As Puerto Rico works to recover from last year’s devastating hurricane, the island’s government faces challenges at it architects a powerful recovery for its citizens.
President Donald J. Trump, however, has been criticized by many for his lackluster support for the Puerto Rican recovery. He has also announced his resistance to the potential of statehood of the island territory.
“The short of it, of course, is that he’s wrong,” Ricardo Rosselló, the governor of Puerto Rico, told a standing-room-only crowd at Skift Global Forum in New York on Wednesday night. “We’re talking about U.S. citizens here. Prior to the storm, only about 20 percent of people in the mainland knew that Puerto Ricans were U.S. citizens. After the storm, more than 90 percent know that.”
Rosselló has overseen the recovery and is frustrated by the resistance he has faced in rebuilding Puerto Rico’s infrastructure. He compared the treatment of Puerto Rico to the greater issues of discrimination based on race and gender that affect the greater U.S.
He made a case that the reluctance of the U.S. to solve its domestic and internal issues reflects negatively on the country as it exerts influence globally.
“I’m shocked and against the President’s statements; why should three million U.S. citizens have to pay for a personal difference he has with someone else?” asked Rosselló. “This is the biggest, most significant civil rights issue of this time. The U.S. is going all around the world and in the [United Nations] this last week saying that we are the standard bearer of democracy. How can we go to Cuba, Venezuela, Afghanistan and preach democracy when we’re not even doing back home? We have three million disenfranchised U.S. citizens… it is one of the last remnants of our colonial past that the world needs to eradicate.”
For those on the mainland who have become interested in the struggles of Puerto Rico, he said the comparison between mainland recovery efforts and the state of Puerto Rico should make the situation obvious.
“People started seeing the recovery, and they noticed that the recovery was different than in Florida and Texas,” said Rosselló. “I’m asking everyone to put up or shut up… if you oppose Puerto Rico, then we will oppose you.”
Puerto Ricans themselves have supported statehood in recent plebiscites. The political tide may be turning, though, with many suffering the effects of the tepid recovery efforts. While Puerto Rico is also struggling through a financial crisis, that shouldn’t preclude the island from receiving government aid and support from U.S. businesses.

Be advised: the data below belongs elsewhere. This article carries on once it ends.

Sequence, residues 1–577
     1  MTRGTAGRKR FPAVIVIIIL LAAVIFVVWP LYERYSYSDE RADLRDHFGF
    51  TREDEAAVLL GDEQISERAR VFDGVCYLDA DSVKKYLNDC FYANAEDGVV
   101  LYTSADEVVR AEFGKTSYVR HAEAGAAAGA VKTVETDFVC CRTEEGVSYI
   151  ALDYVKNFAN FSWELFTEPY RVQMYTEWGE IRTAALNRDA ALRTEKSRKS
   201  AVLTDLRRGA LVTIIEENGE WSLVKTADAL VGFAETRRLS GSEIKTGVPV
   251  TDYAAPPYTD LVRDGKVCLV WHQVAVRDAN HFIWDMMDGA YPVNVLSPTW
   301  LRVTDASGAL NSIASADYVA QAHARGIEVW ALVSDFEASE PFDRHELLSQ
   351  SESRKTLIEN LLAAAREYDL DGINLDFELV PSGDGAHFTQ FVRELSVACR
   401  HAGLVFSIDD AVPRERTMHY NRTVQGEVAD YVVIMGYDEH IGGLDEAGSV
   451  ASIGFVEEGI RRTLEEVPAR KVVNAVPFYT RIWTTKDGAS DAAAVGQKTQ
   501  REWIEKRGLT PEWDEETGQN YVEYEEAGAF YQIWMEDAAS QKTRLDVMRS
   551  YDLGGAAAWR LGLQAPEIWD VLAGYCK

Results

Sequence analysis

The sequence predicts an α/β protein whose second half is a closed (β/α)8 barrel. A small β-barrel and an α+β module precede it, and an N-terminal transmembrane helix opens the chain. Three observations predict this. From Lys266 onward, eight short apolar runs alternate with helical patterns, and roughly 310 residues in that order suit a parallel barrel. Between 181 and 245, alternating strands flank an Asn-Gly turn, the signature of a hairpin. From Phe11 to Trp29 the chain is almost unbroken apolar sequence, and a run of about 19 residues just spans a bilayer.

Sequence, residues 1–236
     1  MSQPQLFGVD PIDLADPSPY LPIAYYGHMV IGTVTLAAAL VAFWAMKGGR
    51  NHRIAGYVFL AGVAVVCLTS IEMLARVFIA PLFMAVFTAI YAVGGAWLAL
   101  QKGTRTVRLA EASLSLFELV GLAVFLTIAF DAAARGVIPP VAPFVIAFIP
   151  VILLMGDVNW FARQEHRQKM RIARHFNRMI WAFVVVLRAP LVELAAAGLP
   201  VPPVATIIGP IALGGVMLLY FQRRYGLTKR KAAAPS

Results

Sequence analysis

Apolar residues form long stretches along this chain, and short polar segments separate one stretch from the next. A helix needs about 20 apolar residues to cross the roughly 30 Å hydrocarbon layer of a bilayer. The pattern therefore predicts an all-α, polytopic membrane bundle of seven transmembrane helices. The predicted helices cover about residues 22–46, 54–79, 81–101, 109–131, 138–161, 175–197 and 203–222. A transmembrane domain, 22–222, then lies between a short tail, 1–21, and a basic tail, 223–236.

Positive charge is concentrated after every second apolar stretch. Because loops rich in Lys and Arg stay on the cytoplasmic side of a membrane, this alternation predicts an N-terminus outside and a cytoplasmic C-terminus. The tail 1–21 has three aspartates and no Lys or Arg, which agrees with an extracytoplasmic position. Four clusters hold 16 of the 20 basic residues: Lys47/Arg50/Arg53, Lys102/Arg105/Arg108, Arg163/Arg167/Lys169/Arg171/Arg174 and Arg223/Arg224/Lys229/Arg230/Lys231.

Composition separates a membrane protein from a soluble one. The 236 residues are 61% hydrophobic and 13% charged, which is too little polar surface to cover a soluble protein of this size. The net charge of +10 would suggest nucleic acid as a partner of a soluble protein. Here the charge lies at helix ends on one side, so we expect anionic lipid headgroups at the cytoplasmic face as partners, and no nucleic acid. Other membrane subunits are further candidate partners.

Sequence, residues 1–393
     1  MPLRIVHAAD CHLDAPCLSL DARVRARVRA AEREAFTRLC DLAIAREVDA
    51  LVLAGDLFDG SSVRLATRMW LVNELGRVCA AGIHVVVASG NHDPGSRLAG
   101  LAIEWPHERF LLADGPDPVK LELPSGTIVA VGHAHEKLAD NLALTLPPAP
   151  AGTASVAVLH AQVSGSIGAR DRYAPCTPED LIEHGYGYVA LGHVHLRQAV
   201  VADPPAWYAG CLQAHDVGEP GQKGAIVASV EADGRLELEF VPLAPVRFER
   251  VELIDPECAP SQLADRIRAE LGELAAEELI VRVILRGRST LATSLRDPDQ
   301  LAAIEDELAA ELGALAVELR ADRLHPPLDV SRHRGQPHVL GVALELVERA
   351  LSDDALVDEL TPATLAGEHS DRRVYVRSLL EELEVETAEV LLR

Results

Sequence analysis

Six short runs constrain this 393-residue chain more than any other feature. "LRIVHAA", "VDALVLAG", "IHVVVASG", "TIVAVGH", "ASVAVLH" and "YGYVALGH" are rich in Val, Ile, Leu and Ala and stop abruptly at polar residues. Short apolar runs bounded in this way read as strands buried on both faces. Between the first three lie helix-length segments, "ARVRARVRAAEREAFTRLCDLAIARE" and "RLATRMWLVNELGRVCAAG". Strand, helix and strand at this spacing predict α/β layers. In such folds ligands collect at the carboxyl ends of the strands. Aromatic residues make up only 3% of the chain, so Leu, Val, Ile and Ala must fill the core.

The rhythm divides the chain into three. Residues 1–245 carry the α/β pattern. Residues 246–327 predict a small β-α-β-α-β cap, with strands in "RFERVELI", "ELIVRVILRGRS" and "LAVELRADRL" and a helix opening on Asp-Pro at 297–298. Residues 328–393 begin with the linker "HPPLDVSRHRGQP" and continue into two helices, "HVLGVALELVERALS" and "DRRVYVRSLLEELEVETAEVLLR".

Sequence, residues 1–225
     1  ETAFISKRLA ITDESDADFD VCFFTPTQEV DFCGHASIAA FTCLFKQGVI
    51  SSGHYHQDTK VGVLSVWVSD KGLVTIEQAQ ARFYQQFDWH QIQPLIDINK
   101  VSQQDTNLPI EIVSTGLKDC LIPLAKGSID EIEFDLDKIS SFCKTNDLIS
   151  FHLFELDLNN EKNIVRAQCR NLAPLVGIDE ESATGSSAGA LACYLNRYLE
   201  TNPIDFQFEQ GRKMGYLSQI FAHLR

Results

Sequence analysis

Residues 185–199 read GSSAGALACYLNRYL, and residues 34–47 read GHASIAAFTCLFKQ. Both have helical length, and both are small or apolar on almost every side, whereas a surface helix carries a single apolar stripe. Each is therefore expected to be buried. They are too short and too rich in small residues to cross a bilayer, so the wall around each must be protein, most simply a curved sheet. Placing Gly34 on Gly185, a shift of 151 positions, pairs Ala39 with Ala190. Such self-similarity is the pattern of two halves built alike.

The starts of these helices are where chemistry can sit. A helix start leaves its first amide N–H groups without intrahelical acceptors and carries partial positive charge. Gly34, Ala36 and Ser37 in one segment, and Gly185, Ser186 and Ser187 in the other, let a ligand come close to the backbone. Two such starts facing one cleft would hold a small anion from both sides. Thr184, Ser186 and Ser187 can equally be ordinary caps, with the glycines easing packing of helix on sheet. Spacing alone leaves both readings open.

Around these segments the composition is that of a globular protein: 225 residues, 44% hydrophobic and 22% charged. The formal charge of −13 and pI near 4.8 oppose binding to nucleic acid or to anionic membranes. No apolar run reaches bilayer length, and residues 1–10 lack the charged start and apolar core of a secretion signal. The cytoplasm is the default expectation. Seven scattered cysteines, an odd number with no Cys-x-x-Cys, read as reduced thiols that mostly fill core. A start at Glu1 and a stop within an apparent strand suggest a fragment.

In terms of the recovery itself, the focus is on building a world-class energy grid that can withstand future weather events while encouraging a culture of business innovation to attract more businesses to the island.
Rosselló also turned the event into a pitch to the room full of travel leaders: “I hope you take this as an invitation to come to Puerto Rico, to see the opportunities … to be part of this strong rebuild.”
He said visitation had increased 13 percent from 2017 just before the storm to the same time this year. And the island is making changes to cruise ports and airports to accommodate more, including discussions about a second port.
“Disasters are financial situation agnostic,” said Rosselló. “They are ethnicity agnostic, they are location agnostic. A disaster happened in Puerto Rico and our response should be agnostic. Unfortunately, this hasn’t been the case because of the second class treatment.”
Rosselló went on to say that tourism only makes up about 6.5 percent of Puerto Rico’s economy — a number he thinks could be much higher.
“When I was running for office, we saw this as one of the critical opportunities for us to showcase our culture,” he said. “We saw that we have a unique window to differentiate from others and extend the length of stay and have more folks come to Puerto Rico.”
That thinking played into the decision to create a destination marketing organization outside of the government so new administrations would not force a change in direction that could stifle tourism.
This article has been republished from www.skift.com